By Byron Kaye
SYDNEY (Reuters) -Australia's ground-breaking law forcing platforms like Google and Facebook to pay local publishers for news faces an unlikely test case: a website that experts say uses fake journalist profiles that has won regulatory backing for its bid to be paid.
Australia’s regulator in charge of enforcing the law, the Australian Communications and Media Authority, last month added "News Cop" – an almost-unknown site without a physical address – to the public register of companies who can negotiate licensing deals with the parents of Facebook and Google under the government system.
The move by the ACMA to clear the site through an initial vetting process intended to support local news by giving the Australian government the power to shape deals with Facebook and Google raises questions about how the still-contentious law will be implemented, several legal experts said.
News Cop features articles rewritten from other news providers. It has no physical address other than a post office box, and was registered as a company on Feb. 21, 2021, records show, three days before the content law was passed. It is the only media company on the register with no business records before 2021.
Until recently, the News Cop site credited reporters with accompanying pictures that appear to have been faked, according to two experts.
Adam Cox, named on the ACMA register as News Cop's contact, declined to answer questions about the journalist profiles. In emails and calls with Reuters, he said that News Cop did not stand to benefit financially from being on the ACMA register and that the company made money from donations from readers.
Richard Holden, an economics professor at the University of New South Wales, said including News Cop on the register, which defines which news providers the Big Tech companies must compensate for their content, undermined the law's intent to support public interest journalism and "shows you that these rules are easily gamed".
"The fact that this appears to have got through the gate, at least so far, is kind of troubling," he said.
An ACMA spokesperson said that since authorising News Cop, the agency had gone back to the company and asked "about the registered news business and its production of news source content". The spokesperson declined to provide details of its inquiries.
Inclusion on the register does not guarantee News Cop will get payments from Facebook and Google. The office of the federal treasurer first must "designate" one of the tech giants for government intervention - in which a mediator decides what the companies must pay for content - a step it has not yet taken.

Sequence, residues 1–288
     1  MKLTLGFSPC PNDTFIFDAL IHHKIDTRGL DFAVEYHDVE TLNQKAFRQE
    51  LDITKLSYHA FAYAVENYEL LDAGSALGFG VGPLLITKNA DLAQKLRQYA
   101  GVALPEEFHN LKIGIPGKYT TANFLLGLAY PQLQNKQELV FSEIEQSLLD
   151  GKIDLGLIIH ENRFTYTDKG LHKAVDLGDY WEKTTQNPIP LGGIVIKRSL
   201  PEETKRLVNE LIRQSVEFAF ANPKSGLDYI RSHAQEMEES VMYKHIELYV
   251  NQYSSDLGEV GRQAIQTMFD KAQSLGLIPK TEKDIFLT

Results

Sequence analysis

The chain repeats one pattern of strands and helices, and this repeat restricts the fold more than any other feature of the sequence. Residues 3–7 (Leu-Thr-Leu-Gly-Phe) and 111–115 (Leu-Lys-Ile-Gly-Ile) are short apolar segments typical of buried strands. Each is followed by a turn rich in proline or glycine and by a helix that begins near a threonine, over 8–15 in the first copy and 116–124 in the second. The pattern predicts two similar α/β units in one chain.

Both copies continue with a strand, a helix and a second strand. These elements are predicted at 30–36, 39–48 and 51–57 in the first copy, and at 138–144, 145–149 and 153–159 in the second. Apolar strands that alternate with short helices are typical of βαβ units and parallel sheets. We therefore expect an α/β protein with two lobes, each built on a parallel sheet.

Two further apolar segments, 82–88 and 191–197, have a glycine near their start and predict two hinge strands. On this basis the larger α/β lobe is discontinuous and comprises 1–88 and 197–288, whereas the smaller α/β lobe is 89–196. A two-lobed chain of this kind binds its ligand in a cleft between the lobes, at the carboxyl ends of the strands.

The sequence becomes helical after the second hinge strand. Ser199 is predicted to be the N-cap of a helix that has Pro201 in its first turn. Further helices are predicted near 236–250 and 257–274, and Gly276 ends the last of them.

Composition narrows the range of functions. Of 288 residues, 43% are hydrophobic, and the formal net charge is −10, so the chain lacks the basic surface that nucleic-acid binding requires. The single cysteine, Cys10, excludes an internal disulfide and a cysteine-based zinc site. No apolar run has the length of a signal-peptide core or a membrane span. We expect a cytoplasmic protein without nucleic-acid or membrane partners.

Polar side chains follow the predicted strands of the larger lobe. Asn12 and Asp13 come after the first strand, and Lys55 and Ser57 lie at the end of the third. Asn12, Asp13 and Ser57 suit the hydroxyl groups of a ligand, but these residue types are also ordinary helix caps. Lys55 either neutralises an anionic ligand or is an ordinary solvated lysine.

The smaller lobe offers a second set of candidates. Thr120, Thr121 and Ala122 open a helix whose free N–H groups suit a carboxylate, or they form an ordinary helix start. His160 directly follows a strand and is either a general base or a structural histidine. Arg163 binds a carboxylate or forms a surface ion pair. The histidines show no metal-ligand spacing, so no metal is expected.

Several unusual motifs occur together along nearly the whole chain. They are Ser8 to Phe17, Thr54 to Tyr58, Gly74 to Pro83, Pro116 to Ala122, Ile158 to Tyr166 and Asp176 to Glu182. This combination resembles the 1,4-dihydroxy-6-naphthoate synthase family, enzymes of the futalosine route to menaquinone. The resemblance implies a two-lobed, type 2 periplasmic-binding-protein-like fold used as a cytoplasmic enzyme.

Representatives for Facebook, which changed the name of its parent entity to Meta, and Google, which is owned by Alphabet Inc, also declined to comment.
Both companies opposed the law and threatened to pull operations out of Australia, but relented when the government added steps that raised the bar for "designation."
News Cop is not related to Rupert Murdoch's News Corp, which secured deals with Facebook and Google before the Australian licensing regime became law. The 28 companies on ACMA's list may secure deals if the government intervenes.
A News Corp spokesperson did not respond to Reuters calls and emails requesting comment.
'MORE OVERSIGHT IS REQUIRED'
Tim Graham, a misinformation researcher at Queensland University of Technology, analysed 14 photographs posted as though they were News Cop staff and found 13 "almost certainly" had been generated by AI software. Elise Thomas, an analyst with the Institute for Strategic Dialogue who specialises in online misinformation, said "most of the profile images" had a "strong chance" of having been software generated.
After Reuters inquiries, all bylines on News Cop articles were changed to Cox's name, with journalist photographs changed to a picture of a monkey. Asked about the change, Cox said, "I have no idea, I'm sorry".
On its website, the company says profit will be donated to charity. It also says Australia’s media law, which was passed in February, is intended "to address the power imbalance between big tech and news media organisations like ourselves."
"If fake news organisations are appearing on the register of eligible news businesses, it is clear that more oversight is required and definitions of what can be included ... need to be reviewed," said Tanya Notley, an associate professor at University of Western Sydney and deputy chair of the Australian Media Literacy Alliance.
Other critics of the law include free-market proponents such as Holden, who say the market, not the government, should decide who is paid for their news. From the beginning, Facebook and Google opposed being forced to pay at all.
The law's impact is being closely watched globally; France and Canada, among others, are considering similar regimes in which Big Tech pays news providers for content.
Several other established media organisations are campaigning for Facebook and Google to be pushed into mediation. If they succeed, the tech giants would be required to negotiate licensing deals with every company on the ACMA register, including News Cop.
Representatives for Treasurer Josh Frydenberg and Communications Minister Paul Fletcher, who oversees ACMA, declined to comment about News Cop's inclusion on the register and the scope of the law.
The Australian Competition and Consumer Commission, which drafted the law at the treasurer's request, declined to comment.
($1 = 1.4059 Australian dollars)
(Reporting by Byron Kaye. Editing by Gerry Doyle)